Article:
The New Year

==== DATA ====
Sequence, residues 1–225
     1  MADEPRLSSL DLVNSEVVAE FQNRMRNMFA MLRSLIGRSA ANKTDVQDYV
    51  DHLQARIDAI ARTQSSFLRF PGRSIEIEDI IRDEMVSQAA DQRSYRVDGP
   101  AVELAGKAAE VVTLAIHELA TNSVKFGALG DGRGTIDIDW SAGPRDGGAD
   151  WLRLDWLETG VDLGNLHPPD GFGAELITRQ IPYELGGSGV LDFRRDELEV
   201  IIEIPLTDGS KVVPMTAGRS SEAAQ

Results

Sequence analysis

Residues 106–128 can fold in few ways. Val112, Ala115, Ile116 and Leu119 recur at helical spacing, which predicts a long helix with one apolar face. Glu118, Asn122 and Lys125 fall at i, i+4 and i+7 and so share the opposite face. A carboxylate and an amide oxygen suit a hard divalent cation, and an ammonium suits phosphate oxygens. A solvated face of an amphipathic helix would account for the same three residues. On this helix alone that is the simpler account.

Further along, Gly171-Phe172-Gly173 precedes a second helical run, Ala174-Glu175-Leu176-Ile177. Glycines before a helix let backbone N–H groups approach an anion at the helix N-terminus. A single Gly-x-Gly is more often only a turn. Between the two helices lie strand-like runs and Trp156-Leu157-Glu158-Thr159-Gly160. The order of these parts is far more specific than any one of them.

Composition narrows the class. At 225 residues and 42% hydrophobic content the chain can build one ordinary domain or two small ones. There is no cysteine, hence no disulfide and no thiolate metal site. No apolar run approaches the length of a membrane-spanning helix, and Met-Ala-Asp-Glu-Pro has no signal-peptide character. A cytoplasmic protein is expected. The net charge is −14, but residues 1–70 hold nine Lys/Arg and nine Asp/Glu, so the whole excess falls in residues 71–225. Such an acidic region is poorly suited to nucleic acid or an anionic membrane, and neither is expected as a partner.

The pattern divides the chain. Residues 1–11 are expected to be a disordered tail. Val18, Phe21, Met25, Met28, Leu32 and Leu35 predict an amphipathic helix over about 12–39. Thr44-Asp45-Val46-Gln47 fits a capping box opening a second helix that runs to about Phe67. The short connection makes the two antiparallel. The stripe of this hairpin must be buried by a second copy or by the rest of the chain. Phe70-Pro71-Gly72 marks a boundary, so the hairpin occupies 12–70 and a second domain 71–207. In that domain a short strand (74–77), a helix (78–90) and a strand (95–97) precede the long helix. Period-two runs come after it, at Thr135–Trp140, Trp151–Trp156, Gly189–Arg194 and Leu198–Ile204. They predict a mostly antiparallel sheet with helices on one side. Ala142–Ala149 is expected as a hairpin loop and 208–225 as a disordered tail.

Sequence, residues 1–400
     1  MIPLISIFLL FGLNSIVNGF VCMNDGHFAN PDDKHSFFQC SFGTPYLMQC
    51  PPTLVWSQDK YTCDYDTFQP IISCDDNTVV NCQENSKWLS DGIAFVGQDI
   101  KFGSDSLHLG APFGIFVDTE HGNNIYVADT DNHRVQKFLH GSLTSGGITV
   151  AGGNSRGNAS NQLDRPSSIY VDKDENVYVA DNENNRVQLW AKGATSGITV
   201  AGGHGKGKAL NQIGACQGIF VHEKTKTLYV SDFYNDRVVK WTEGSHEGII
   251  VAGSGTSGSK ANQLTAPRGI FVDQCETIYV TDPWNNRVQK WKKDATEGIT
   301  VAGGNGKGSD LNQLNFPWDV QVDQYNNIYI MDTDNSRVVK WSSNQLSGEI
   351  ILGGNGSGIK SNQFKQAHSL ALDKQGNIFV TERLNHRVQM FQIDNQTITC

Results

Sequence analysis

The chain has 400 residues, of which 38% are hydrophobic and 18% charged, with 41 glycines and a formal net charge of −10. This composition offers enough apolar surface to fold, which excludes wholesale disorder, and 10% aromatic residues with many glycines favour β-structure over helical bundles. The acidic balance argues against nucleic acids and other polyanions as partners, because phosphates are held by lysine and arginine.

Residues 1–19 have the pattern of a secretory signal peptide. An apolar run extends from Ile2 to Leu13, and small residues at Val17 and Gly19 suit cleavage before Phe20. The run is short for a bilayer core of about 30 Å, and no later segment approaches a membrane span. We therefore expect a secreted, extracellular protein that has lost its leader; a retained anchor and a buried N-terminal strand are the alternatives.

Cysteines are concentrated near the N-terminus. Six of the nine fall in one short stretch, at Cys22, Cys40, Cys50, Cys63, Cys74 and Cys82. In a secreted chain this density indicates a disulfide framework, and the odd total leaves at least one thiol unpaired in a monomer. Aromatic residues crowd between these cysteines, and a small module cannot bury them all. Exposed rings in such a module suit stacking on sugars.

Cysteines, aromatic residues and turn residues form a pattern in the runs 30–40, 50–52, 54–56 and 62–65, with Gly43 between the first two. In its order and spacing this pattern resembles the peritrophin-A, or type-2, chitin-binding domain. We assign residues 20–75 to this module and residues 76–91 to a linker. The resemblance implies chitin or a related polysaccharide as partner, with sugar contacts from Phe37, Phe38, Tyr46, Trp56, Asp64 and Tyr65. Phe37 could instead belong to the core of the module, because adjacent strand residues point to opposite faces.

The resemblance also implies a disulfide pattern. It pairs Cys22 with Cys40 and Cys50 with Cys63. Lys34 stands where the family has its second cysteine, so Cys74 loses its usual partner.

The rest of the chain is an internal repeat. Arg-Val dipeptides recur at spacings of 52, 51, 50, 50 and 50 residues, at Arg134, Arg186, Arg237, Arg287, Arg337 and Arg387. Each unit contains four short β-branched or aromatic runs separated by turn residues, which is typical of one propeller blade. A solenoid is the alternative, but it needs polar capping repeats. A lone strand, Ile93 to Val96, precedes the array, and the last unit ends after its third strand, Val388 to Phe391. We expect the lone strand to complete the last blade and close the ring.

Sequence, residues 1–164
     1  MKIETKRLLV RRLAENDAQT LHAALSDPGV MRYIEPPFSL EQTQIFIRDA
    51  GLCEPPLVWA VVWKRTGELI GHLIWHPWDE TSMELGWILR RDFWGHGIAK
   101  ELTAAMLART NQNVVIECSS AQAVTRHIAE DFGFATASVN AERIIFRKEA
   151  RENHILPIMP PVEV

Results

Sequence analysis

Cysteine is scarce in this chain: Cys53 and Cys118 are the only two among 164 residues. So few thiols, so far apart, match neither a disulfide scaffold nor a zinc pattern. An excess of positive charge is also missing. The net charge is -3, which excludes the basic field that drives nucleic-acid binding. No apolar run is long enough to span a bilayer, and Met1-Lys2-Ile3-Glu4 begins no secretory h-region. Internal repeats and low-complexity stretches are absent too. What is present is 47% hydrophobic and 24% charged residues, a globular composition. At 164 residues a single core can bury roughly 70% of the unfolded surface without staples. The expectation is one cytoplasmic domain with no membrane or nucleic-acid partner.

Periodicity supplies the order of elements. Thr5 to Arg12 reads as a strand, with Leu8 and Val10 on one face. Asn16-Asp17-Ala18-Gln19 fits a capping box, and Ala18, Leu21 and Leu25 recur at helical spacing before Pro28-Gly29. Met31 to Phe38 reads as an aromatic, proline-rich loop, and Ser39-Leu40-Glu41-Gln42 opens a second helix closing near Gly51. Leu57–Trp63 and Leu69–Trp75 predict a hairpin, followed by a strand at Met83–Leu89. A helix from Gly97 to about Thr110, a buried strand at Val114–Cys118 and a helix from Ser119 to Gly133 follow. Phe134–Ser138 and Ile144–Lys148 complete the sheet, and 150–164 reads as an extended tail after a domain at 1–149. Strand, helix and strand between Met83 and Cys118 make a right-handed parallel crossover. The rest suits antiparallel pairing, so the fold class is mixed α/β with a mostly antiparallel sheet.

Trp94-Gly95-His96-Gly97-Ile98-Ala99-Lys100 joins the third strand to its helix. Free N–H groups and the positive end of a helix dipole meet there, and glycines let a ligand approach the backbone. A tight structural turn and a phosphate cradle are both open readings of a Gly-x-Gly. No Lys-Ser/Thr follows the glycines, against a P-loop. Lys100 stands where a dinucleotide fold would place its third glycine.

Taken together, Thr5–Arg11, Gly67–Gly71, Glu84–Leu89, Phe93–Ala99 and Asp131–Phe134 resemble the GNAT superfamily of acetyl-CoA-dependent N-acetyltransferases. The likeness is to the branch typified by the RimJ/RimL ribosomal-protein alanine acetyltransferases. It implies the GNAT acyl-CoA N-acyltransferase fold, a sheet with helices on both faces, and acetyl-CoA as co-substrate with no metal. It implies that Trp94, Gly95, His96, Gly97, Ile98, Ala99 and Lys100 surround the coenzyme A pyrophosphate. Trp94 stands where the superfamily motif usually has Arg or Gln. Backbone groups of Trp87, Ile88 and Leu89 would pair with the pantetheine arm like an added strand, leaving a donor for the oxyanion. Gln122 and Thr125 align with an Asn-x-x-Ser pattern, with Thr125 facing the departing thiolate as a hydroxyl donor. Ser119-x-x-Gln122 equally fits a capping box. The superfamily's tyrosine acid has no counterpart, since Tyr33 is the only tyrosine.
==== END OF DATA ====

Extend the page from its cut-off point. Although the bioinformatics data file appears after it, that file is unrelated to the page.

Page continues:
Exodus 12:1-2 (1) And the LORD spake unto Moses and Aaron in the land of Egypt, saying, (2) This month shall be unto you the beginning of months: it shall be the first month of the year to you. These words were uttered at the time when God was completing His awful judgments on Egypt, the oppressive enemy of natural Israel, whose deliverance was imminent. One last terrible plague would come upon Egypt which would finally facilitate Israel's release: the death of the firstborn in Egypt (EXO 11:4-8; EXO 12:29-36). In preparation for this, and for a future memorial of it, God told Israel to take a lamb on the tenth day of the month, then kill it on the fourteenth day of the month and apply its blood to the door of the home wherein they ate a simple meal (EXO 12:3-11), “...it is the LORD'S passover.” On the very night when Israel's enemies were to be destroyed and Israel would be delivered, (and this feast was to be kept in perpetuity), the message was “That ye shall say, It is the sacrifice of the LORD'S passover, who passed over the houses of the children of Israel in Egypt, when he smote the Egyptians, and delivered our houses...” (EXO 12:27). Interestingly, the lapse between the taking of the lamb on the tenth day and its blood being applied on the fourteenth day is a close parallel of the lapse of time from when Christ the Lamb of God (JOH 1:29) was taken (MAT 26:50) and His shed blood applied on our behalf in heaven the day after His resurrection when He ascended to the Father (JOH 20:1-18) after being entombed “...three days and three nights in the heart of the earth” (MAT 12:40). Israel's deliverance from Egypt was often called their redemption (DEU 13:5; DEU 15:15; DEU 21:8; HOS 7:13, etc.). By God's decree (EXO 12:1-2), the new calendar for Israel had a beginning that accorded with their redemption. Inasmuch as Moses was very important to Israel (being their leader, deliverer and mediator of God's covenant with them, GAL 3:19), God could have tied the new beginning of time to his birth or some other significant “Moses moment.” But God rather marked the beginning of the new era and calendar from the redemption which He would accomplish. For many centuries, the re-boot of history's timeline has (ostensibly) been measured from the conception or birth of spiritual Israel's Mediator, the Lord Jesus Christ. Hence, in both the old Julian calendar and its upgrade, the Gregorian calendar (which is now the virtually de facto civil calendar of the whole world), the dividing point of time has long been designated BC (Before Christ) and Anno Domini (in the year of our Lord) in reference to His incarnation. In view of God's dealings with Israel (above) I wonder if it would have been better to make the dividing point of history's timeline the death of Jesus Christ, not His birth. It was by His death that Christ the Lamb of God redeemed us with His blood (GAL 3:13; EPH 1:7). It was by His death, burial and resurrection that He destroyed our spiritual enemies and delivered “...them who through fear of death were all their lifetime subject to bondage” (HEB 2:14-15), taking away our sins by which the powers of darkness had a claim on us, and so “...having spoiled principalities and powers, he made a shew of them openly, triumphing over them in it” (COL 2:13-15). Was natural Israel's redemption their deliverance by the destruction of their enemies? Spiritual Israel's is greater: by Christ's destruction of the works of the devil, we are delivered from the penalty of sin (death and eternal fire), the power of sin through grace now and the presence of sin at Christ's return. Israel's redemption was the new starting point of time for them. Their beginning of months was also their passover, and that passover lamb's death foreshadowed “...Christ our passover is sacrificed for us” (1CO 5:7), our redemption. Israel was told to “...Remember this day...” (EXO 13:3-4), the day of redemption. As Christ and His apostles make clear, the prophecies, types and shadows of the O.T. concerning Jesus Christ focus more upon His death, not His birth. Nowhere are we told to set aside a special time to remember His birth with a ceremony or feast but we are certainly told to do so as touching His death (1CO 11:23-25), and “Therefore let us keep the feast...” (1CO 5:8), not a gay feast around His supposed birth like the Feast of St. Nick or the Feast of St. Stephen (the observance of which in Wales included the bleeding of livestock and the beating of late-risers and female servants), but a simple feast in which believers rejoice with trembling that they have a part in the broken body and shed blood of their Savior: redemption. In a passage which speaks not of Christ's birth but of His ministry, Paul had an interesting focus concerning the timeline of history: “But when the FULNESS OF THE TIME was come, God sent forth His Son, made of a woman, made under the law, To REDEEM them that were under the law...” (GAL 4:4-5). Perhaps the fulness of time should have been considered as having apexed not at Bethlehem but at Calvary, and so associated with redemption. Folded into the prophecy of ISA 63:1-5 is the great victory of Jesus Christ over Satan for us. Here, the conqueror's garments are stained with blood as the victorious Christ's vesture is stained with blood (REV 19:13). Here he treads the winepress alone, there being no one else to help or uphold, as Christ in His death “...by himself purged our sins” (HEB 1:3 c/w 1PE 2:24). In the midst of this prophecy, He says, “...the YEAR of my redeemed is come” (ISA 63:4). It's almost as if time itself should be identified with redemption. Matthew Henry here observed, “There was a year fixed for the deliverance of Israel out of Egypt, and God kept time to a day (EXO 12:41); so there was for their release out of Babylon (DAN 9:2); so there was for Christ's coming to destroy the works of the devil...” And, the time of the final victory at Christ's return (as envisioned in REV 19:1-21) is a specific day, known only to the Father (MAR 13:31-32). God is very good at making and keeping a schedule. While I am in a wondering mode, I wonder why Western Civilization which was so strongly influenced by Christianity settled for a calendar in which the first six months are named after old Roman gods and goddesses when the lunar cycle was made by the true God (GEN 1:14-19) Who despises even the names of false gods (EXO 23:13; DEU 12:3). The next two months are named after Roman Caesars, and the last four (September to December) are the seventh, eighth, ninth and tenth months of Romulus, the mythological founder of Rome. It is interesting as to how much influence old Rome still wields in one way or the other. I would like to think that if I had been in a position to call the shots for developing a calendar which the whole world would end up using, I would not have defaulted to naming months after Roman idols, dictators or myths. I think I would have divided time by the death of Christ to identify with redemption, rather than by the birth of Christ (B.C. & A.D.). I might have even made the time of the vernal equinox (roughly equated with Christ's death) the first month on the calendar. Instead of naming the first month January, after Janus, a two-faced idol-god, I might have named it Jesusuary after the true God Who "...is the same yesterday, and to day, and for ever" (HEB 13:8) and “...with whom is no variableness, neither shadow of turning” (JAM 1:17). Then I might have even named the rest of the months after eleven apostles (skip Judasuary). After all, I might have reasoned, even the foundations of the heavenly city's wall bear the apostles' names (REV 21:14), so why not do likewise with the months? Of course, human nature being what it is, there would have likely arisen petty squabbles amongst Christians as to which month was the best month, and factions would no doubt have developed, some saying, “I am of Peteruary,” others saying “But I am of Johnuary,” etc. Then again, maybe these speculations belong in an Ossuary. So, Happy New Year.